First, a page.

A key challenge for the treatment of brain diseases is overcoming the difficulty of delivering diagnostic or therapeutic agents to specific regions of the brain. Chief amongst these obstacles is the neuroprotective Blood-Brain Barrier (BBB), both a physical and metabolic barrier to most macromolecules and small compounds. Improving our understanding of the basic molecular and cellular mechanisms that regulate brain microvasculature permeability could lead to innovative new strategies for drug or gene targeting to the injured or diseased brain. The zebrafish, a small, genetically tractable, teleost fish, possesses a BBB that shares the cardinal features of its mammalian counterpart. In this application, we will test the hypothesis that the zebrafish constitutes a novel in vivo model for BBB developmental and physiological studies in both health and disease conditions. In the first aim, in order to uncover the signals that instruct BBB formation and maintenance, we will take advantage of novel in vivo BBB labeling techniques to profile microvascular endothelial cell gene expression during both development and in adults, under physiological conditions and under chemically-mimicked hypoxia. The function of the most promising candidate genes and pathways will be analyzed via knock down approaches. In the second aim, using a herein described vascular permeability reporter transgenic line, we will perform the first high- throughput chemical screen centered on signal transduction pathways that modulate barrier permeability in the neurovascular unit. These studies have the potential to provide a better understanding of the molecular composition of the BBB endothelial cells and should pave the way towards more rationale drug delivery strategies as well as shed new lights onto how vascular permeability could be manipulated therapeutically. Taken together, they aim to provide new information as prioritized by the recently formed International Brain Barriers Society (IBBS) for the advancement of the field of BBB research and the improvement of brain disorder treatments.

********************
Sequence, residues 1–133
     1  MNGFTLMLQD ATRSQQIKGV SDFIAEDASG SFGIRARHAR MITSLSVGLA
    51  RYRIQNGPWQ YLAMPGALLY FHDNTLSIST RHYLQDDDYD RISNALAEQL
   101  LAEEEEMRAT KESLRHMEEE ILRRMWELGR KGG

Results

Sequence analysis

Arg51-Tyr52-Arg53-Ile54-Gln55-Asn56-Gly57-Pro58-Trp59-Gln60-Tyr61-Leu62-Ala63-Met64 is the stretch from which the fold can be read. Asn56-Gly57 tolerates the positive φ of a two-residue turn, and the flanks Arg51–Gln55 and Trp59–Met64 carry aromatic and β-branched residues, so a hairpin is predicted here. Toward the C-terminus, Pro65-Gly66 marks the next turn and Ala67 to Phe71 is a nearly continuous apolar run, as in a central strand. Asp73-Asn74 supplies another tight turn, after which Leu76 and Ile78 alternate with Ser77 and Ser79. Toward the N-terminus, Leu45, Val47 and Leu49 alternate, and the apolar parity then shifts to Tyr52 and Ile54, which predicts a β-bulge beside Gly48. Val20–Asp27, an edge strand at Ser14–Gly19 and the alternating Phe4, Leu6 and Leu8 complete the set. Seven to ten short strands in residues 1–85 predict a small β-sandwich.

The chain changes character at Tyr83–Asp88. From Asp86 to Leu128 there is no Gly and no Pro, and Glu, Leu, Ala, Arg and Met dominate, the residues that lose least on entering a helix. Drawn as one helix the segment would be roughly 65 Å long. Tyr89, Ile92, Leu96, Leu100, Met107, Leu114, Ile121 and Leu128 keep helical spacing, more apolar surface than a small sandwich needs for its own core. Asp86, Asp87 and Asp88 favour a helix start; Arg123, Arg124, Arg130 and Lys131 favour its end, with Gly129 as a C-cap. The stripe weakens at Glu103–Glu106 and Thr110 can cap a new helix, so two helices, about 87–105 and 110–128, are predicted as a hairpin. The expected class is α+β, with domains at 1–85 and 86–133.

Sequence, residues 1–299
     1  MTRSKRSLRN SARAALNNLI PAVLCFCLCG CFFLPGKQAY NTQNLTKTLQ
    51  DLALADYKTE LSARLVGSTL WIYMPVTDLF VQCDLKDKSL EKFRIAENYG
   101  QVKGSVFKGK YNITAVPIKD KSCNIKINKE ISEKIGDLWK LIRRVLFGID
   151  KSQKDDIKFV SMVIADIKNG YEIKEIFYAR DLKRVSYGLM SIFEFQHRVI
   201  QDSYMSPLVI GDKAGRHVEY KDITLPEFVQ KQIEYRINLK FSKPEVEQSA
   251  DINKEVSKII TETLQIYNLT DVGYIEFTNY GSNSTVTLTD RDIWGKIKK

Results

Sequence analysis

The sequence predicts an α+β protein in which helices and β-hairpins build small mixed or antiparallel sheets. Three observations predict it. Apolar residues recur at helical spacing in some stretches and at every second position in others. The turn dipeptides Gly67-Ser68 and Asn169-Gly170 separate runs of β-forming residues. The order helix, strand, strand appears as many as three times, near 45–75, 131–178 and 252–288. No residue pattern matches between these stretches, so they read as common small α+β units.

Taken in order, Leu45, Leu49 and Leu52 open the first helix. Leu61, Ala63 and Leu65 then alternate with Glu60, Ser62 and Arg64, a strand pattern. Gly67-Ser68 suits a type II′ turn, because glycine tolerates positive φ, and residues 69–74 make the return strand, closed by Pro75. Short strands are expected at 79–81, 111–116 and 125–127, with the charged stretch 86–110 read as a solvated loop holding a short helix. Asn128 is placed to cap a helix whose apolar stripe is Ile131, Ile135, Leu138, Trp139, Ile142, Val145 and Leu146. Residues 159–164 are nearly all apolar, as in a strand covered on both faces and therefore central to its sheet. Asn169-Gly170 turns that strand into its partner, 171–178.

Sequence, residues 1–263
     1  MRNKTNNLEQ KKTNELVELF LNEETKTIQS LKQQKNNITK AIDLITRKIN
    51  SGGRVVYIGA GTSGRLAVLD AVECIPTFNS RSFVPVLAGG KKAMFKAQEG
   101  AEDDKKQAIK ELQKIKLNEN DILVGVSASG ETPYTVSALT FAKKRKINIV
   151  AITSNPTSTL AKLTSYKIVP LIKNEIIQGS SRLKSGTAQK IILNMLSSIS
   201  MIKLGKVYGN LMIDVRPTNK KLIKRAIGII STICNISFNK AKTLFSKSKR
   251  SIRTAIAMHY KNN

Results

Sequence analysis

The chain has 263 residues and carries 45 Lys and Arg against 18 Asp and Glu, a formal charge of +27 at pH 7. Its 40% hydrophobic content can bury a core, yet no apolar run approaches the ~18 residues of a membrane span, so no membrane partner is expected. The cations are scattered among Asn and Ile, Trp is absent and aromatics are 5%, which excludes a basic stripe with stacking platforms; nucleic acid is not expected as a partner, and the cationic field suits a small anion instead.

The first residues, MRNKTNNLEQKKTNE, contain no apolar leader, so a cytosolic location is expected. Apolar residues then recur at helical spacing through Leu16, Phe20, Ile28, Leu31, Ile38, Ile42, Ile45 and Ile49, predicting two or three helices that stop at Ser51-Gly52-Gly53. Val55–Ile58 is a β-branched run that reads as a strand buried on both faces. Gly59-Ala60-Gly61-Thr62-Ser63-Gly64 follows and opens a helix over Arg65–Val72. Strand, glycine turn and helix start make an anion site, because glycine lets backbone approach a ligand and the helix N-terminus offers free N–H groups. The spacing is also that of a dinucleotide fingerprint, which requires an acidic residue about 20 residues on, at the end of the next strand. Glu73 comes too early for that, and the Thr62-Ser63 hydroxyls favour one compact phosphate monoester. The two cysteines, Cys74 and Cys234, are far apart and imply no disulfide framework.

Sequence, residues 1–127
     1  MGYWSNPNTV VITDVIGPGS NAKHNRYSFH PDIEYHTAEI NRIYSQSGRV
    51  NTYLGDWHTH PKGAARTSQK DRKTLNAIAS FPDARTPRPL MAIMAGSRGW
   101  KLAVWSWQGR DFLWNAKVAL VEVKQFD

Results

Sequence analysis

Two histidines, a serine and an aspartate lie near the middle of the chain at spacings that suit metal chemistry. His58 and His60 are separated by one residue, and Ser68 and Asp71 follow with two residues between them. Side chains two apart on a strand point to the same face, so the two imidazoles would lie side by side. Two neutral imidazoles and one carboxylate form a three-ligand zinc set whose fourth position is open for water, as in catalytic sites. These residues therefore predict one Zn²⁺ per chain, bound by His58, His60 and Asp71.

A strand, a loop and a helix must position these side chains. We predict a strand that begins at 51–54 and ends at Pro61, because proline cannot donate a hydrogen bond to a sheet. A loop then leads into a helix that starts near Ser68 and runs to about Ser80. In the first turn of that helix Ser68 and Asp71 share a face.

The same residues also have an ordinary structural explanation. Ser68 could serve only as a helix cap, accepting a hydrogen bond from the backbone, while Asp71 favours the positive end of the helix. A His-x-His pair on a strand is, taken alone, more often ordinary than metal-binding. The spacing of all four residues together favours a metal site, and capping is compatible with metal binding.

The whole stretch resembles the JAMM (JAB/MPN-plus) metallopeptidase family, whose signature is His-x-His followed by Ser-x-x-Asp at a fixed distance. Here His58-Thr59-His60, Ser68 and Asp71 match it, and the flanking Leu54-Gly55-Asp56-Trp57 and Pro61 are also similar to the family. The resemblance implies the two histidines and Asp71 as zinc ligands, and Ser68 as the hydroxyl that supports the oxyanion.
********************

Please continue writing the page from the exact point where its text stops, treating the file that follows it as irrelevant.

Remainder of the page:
The importance of the Blood-Brain Barrier (BBB) is illustrated by the large number of pathologies of the central nervous system (CNS) that are associated with a defective BBB. Many of the symptoms of stroke, edema, brain traumas and multiple sclerosis are due to a breakdown of the BBB that accompanies the primary insult. Furthermore, the BBB provides a stubborn obstacle in the treatment of many neurological diseases as it greatly impedes the delivery of drugs to the CNS. In this proposal we take advantage of the similarity of the zebrafish BBB to its mammalian counterpart to provide an unprecedented framework for translational research in brain barrier science.
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